|Publication number||US4071175 A|
|Application number||US 05/702,926|
|Publication date||Jan 31, 1978|
|Filing date||Jul 6, 1976|
|Priority date||Mar 31, 1975|
|Publication number||05702926, 702926, US 4071175 A, US 4071175A, US-A-4071175, US4071175 A, US4071175A|
|Inventors||Van C. Wagnon|
|Original Assignee||Wagnon Van C|
|Export Citation||BiBTeX, EndNote, RefMan|
|Patent Citations (5), Referenced by (37), Classifications (12)|
|External Links: USPTO, USPTO Assignment, Espacenet|
This application is a continuation-in-part of my application Ser. No. 563,452, filed Mar. 31, 1975, now Pat. U.S. No. 3,928,284.
The invention relates to a holder for beverage cans and the like for a bicycle. When one is bicycling, it is often desirable to be able to take periodic drinks from a beverage can or the like. It is not safe of convenient to carry the beverage can in one hand while steering with the other, however, therefore, a holder for the can should be provided. While there have been prior art proposals for mounting beverage containers on the handlebars of a bicycle (see French Pat. Nos. 61,820 and 521,480), such prior art proposed structures are not readily adaptable to mounting on modern bicycles or motorcycles since they have bracket structures that require a special clamp construction of the bicycle handlebar, or require more space than is provided in modern bicycles. Additionally, such prior art structures have relatively complicated or ineffectual means for providing anti-rattling of the beverage container and are not readily susceptible to assembly, disassembly and shipping.
There have been other prior art proposals for beverage container holders, such as shown in U.S. Pat. Nos. 2,926,828 and 3,698,675, that are not adapted for mounting on a bicycle but, rather, in some other environment, and such structures also provide relatively complicated and expensive means for preventing clattering or rattling of containers held thereby, and also are not readily susceptible to assembly and disassembly for shipment thereof. The component parts of such structures are in general relatively difficult and costly to manufacture, while not performing the desired result, according to the present invention, as effectively as the structure according to the present invention.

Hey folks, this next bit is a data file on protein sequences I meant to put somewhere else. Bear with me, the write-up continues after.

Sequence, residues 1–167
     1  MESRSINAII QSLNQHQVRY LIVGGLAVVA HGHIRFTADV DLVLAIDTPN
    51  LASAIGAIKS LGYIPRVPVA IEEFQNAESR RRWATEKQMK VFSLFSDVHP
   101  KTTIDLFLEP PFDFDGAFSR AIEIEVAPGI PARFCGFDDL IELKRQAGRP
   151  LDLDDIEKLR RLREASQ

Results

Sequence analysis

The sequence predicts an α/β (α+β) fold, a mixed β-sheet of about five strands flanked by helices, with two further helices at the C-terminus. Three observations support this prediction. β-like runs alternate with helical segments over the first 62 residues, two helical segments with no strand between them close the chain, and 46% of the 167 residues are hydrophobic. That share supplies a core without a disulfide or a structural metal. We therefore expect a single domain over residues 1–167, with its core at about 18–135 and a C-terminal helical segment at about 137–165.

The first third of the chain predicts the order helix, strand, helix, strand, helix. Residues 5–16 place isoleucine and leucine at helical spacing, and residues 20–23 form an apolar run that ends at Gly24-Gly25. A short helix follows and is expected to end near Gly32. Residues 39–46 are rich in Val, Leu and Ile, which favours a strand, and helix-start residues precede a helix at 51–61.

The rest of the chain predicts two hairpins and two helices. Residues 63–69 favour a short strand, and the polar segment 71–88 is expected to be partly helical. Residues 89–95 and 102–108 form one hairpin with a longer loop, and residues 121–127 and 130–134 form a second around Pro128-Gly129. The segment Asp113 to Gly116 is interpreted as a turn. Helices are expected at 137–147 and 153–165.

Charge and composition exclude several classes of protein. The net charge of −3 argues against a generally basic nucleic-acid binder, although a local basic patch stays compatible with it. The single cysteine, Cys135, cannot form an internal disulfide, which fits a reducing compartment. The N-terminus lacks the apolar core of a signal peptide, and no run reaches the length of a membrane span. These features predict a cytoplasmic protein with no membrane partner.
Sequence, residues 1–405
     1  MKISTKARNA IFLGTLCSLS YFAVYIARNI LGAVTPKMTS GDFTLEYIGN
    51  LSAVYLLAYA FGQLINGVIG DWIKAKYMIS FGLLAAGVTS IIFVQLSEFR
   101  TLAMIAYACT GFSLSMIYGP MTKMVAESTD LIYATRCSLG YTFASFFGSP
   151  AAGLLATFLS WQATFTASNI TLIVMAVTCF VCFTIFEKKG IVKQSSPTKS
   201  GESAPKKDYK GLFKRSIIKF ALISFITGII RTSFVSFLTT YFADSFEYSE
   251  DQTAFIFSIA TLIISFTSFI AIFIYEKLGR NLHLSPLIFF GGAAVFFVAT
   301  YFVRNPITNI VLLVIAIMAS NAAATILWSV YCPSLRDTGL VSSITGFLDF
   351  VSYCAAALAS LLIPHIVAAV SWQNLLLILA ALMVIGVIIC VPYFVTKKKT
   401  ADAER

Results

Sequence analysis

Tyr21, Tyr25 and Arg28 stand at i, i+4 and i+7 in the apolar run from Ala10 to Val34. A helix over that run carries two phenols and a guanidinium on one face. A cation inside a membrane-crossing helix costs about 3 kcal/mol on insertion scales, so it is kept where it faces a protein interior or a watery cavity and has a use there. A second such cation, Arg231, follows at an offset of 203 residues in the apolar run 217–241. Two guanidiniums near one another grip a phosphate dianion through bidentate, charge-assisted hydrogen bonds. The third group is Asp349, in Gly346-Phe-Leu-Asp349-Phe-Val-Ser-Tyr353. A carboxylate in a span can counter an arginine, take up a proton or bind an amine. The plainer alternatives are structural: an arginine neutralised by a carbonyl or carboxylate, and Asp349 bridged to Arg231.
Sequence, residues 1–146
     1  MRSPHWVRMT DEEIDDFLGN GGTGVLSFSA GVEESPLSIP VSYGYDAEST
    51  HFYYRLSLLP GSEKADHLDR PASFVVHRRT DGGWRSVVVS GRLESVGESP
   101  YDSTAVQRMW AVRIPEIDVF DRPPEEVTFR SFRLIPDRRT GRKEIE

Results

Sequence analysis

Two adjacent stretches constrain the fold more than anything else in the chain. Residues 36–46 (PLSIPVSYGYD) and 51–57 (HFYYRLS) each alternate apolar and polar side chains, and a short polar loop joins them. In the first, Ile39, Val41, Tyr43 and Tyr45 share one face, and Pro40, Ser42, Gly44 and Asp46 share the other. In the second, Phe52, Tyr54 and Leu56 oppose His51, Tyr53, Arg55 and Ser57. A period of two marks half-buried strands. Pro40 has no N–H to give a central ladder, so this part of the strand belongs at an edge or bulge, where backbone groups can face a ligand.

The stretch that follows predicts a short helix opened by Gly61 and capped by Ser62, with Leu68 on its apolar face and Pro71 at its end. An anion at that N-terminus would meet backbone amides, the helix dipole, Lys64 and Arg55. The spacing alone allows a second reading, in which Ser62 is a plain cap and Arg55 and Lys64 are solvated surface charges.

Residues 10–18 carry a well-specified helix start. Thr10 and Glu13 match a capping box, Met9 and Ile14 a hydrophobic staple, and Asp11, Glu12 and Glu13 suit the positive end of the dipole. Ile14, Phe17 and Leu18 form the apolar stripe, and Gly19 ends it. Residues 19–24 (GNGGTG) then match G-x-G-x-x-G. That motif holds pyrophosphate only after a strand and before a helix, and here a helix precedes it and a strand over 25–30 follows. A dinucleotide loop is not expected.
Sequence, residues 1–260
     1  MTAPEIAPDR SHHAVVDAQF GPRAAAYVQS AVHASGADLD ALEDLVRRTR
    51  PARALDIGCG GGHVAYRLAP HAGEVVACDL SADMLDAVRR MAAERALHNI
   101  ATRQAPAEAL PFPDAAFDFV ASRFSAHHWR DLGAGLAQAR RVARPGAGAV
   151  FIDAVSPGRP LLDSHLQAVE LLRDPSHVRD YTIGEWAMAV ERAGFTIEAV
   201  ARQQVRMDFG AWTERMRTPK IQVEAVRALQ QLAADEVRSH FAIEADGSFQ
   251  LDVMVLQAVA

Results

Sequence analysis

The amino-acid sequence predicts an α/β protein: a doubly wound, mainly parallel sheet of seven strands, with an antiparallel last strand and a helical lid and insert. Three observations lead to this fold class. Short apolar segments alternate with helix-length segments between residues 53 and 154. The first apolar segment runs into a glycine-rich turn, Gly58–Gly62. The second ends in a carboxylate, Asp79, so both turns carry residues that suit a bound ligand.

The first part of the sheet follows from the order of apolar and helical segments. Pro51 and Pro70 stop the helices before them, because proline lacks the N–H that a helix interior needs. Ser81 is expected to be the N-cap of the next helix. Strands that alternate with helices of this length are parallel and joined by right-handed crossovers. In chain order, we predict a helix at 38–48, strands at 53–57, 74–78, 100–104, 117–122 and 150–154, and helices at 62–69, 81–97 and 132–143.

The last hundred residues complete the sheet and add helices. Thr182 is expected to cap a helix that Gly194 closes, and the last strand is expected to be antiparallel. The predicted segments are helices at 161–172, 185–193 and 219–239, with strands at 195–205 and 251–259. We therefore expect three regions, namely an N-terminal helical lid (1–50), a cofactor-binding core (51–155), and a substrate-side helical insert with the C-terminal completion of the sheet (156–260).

According to the present invention, many accessory, difficult to manufacture and/or assembly structures of the prior art are eliminated without elimination -- in fact enhancement -- of their end function.
According to the present invention, a bicycle or motorcycle handlebar-mounted beverage can holder is provided that is ideally suited for ready insertion of a can thereinto and removal of a can therefrom by a rider. The holder, according to the present invention, has the advantages of being able to be broken down for ease of transport, transfer or storage, yet being readily assemblable when desired. It is relatively easy and inexpensive to manufacture. It holds a beverage can or the like without undue clattering thereof with simple plastic washers engaging the can or the like, and it holds the can in a position of ready accessability.
According to the present invention, a beverage can holder is provided that includes a top plate member, a bottom member and means for spacing and interconnecting the top and bottom members. The top plate member contains an opening therein for passage of a can or the like therethrough, and bracket means for mounting the holder are formed integrally with the top member. Plastic washers are disposed around the means for interconnecting the top and bottom plates, and they engage a can or the like to be held by the holder and prevent rattling of the can. The bracket means consists of one or more extensions of the top member which extensions are adapted to be bent around a handlebar into a loop form and then held in the loop form with detachable holding means, such as a nut and screw. The spacing and interconnecting means may comprise a plurality of rod members, each attachable to the top and bottom members by detachable holding means, such as screws. A single screw may fasten each rod member to the top and bottom plates. The bottom member preferably comprises a plate member having a ring or disc of cork or the like formed thereon. When the holder is mounted on handlebars, the plane of the top member passes through the approximate center of the handlebars, and the opening is only slightly spaced from the handlebars, whereby a beverage can or the like held thereby is readily accessible.
It is the primary object of the present invention to provide a beverage can holder specially adapted for a bicycle or motorcycle with simple component parts. This and other objects of the invention will become clear from an inspection of the detailed description of the invention and from the appended claims.